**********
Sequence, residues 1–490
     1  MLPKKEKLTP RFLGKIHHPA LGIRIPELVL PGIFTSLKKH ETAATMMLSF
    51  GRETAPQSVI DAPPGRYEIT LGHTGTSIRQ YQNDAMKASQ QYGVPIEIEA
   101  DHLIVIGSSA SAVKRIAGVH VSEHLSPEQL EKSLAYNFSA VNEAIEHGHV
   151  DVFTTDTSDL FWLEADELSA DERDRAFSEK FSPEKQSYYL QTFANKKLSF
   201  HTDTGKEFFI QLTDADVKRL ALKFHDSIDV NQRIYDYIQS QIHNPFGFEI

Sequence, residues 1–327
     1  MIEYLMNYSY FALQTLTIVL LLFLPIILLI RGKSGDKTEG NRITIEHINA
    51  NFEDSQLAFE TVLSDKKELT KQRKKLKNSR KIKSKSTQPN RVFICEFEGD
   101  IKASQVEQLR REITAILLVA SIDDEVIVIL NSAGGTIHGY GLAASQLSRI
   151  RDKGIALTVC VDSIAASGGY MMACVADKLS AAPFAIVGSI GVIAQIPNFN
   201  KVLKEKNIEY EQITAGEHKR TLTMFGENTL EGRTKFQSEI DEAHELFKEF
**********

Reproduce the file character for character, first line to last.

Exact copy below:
Sequence, residues 1–490
     1  MLPKKEKLTP RFLGKIHHPA LGIRIPELVL PGIFTSLKKH ETAATMMLSF
    51  GRETAPQSVI DAPPGRYEIT LGHTGTSIRQ YQNDAMKASQ QYGVPIEIEA
   101  DHLIVIGSSA SAVKRIAGVH VSEHLSPEQL EKSLAYNFSA VNEAIEHGHV
   151  DVFTTDTSDL FWLEADELSA DERDRAFSEK FSPEKQSYYL QTFANKKLSF
   201  HTDTGKEFFI QLTDADVKRL ALKFHDSIDV NQRIYDYIQS QIHNPFGFEI

Sequence, residues 1–327
     1  MIEYLMNYSY FALQTLTIVL LLFLPIILLI RGKSGDKTEG NRITIEHINA
    51  NFEDSQLAFE TVLSDKKELT KQRKKLKNSR KIKSKSTQPN RVFICEFEGD
   101  IKASQVEQLR REITAILLVA SIDDEVIVIL NSAGGTIHGY GLAASQLSRI
   151  RDKGIALTVC VDSIAASGGY MMACVADKLS AAPFAIVGSI GVIAQIPNFN
   201  KVLKEKNIEY EQITAGEHKR TLTMFGENTL EGRTKFQSEI DEAHELFKEF